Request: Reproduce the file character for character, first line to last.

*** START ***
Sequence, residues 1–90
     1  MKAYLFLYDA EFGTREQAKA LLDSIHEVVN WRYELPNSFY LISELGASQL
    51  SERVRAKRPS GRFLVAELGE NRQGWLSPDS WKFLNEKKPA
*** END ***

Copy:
Sequence, residues 1–90
     1  MKAYLFLYDA EFGTREQAKA LLDSIHEVVN WRYELPNSFY LISELGASQL
    51  SERVRAKRPS GRFLVAELGE NRQGWLSPDS WKFLNEKKPA